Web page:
I remember where I was on Tuesday morning September 11, 2001. I remember being in the midst of writing a mundane email to my friend Barry. I remember I was going to tell him I was going to visit Nickerson State Park in Brewster on my day off. It all seems so small but I remember, I wish I had kept writing that email and sent it instead of turning off the computer.
I remember my mother's frantic screams when she heard the first radio reports in her car. I remember her yelling into the house for us to put on the television. I remember sitting on the couch and watching as the towers fell. I remember the memories of visiting the Twin Towers when I was in 7th Grade all came flooding back. I never visited the top but I remember the enormity of the buildings from the outside and from the lobby. I remember a surreal feeling knowing they were now only a memory. It was like I was floating, or falling down an elevator shaft. I remember having that feeling for the next few days.
I remember my sister Kate, pregnant with my niece Emma (now 18), frantically calling my brother-in-law Peter out on a job landscaping, making sure he was alright, and making sure to let him know that the world as we knew it was coming to an end. I remember my niece Kaleigh, all of 2 and a half years old(now 21), staring at us with a mix of concern and curiosity at what was on the television that was causing all of our fear and angst. I remember not feeling tired though my heart ached for the thousands of people in New York, Washington, and Pennsylvania affected directly by the attacks.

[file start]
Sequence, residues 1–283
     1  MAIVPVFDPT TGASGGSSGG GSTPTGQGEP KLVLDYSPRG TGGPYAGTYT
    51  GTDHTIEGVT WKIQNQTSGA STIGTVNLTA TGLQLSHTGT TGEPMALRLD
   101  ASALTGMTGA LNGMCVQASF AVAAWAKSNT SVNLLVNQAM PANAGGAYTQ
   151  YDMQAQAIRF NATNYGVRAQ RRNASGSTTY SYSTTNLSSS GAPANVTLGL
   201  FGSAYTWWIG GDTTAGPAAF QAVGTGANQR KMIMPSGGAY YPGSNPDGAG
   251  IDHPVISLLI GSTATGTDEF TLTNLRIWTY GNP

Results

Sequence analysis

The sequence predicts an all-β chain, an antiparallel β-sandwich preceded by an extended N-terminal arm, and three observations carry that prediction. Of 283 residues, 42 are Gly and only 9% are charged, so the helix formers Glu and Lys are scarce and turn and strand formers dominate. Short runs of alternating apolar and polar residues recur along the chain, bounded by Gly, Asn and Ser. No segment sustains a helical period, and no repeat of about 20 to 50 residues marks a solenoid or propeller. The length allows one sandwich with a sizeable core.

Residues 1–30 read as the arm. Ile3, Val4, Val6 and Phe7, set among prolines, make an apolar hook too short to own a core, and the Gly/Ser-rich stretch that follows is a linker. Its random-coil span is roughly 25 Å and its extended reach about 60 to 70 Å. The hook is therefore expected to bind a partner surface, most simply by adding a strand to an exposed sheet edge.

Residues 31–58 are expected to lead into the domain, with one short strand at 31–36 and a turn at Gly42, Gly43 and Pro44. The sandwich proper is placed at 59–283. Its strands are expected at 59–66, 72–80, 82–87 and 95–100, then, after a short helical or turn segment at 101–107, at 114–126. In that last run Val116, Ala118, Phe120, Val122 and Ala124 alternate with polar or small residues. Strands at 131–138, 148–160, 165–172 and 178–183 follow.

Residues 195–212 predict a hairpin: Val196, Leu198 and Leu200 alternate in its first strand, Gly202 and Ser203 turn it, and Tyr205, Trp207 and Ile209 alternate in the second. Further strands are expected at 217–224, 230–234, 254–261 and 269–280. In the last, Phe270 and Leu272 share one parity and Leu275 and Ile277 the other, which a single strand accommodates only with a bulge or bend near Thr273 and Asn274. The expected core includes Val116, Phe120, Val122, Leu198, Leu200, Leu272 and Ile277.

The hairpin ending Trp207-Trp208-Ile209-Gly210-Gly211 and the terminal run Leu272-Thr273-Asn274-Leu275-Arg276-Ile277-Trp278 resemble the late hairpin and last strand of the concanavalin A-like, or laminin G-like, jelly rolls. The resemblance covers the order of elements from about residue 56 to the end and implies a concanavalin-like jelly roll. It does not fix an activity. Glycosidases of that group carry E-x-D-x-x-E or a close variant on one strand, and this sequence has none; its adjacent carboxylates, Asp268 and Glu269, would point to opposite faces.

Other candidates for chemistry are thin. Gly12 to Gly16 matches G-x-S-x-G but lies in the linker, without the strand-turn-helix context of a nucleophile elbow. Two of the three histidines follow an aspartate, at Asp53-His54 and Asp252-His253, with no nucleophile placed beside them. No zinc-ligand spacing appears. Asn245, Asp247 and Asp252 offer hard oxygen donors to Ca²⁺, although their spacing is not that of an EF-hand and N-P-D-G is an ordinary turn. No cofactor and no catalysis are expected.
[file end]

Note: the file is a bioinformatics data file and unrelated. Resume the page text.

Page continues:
I remember wanting to close my eyes as if it might make it all disappear, but then I remember fearing that I'd reopen them and another plane might be hurtling through the sky toward a populated area. I remember staring outside at the beautiful late summer day in front of me and contrasting it with the scene of utter horror on the television. I remember feeling detached and attached to the situation at the same time.
I remember not feeling hunger but I still felt the need to venture out to make certain that my world close by was still standing. I remember driving around town where everything in my little corner of the world looked the same yet I knew everything was different. I remember feeling so small, but then feeling so much pride and love for the firefighters and police that were walking into the battle zone when everyone else was running away. I remember sitting frozen still on the couch for fourteen hours watching, hoping in vain that there would be a disclaimer on the screen that said it was all a hoax, like War of the Worlds on the radio.
I remember the next morning at work at The Marshside. I remember standing on the deck with Maui who I had known for 8 years at that point. I remember still having that feeling of falling as we spoke. I remember the deep blue sky untouched by the gentle exhaust of aircraft. I also remember the silence, the overwhelming deafening silence that surrounded those days. I remember the names coming out over the next few days. I remember the photos, the interviews, the magazines, the newspapers; I still have them so I will always remember. I remember attending a candlelight vigil and meeting a few people that had come from Ground Zero and had helped in the massive recovery effort. I remember each anniversary of the day that changed our world.
Please take a moment, even if you knew nobody involved, or have never even been to New York, to remember what happened on 9/11. We are all part of one family, the human family, always remember that. Peace and love.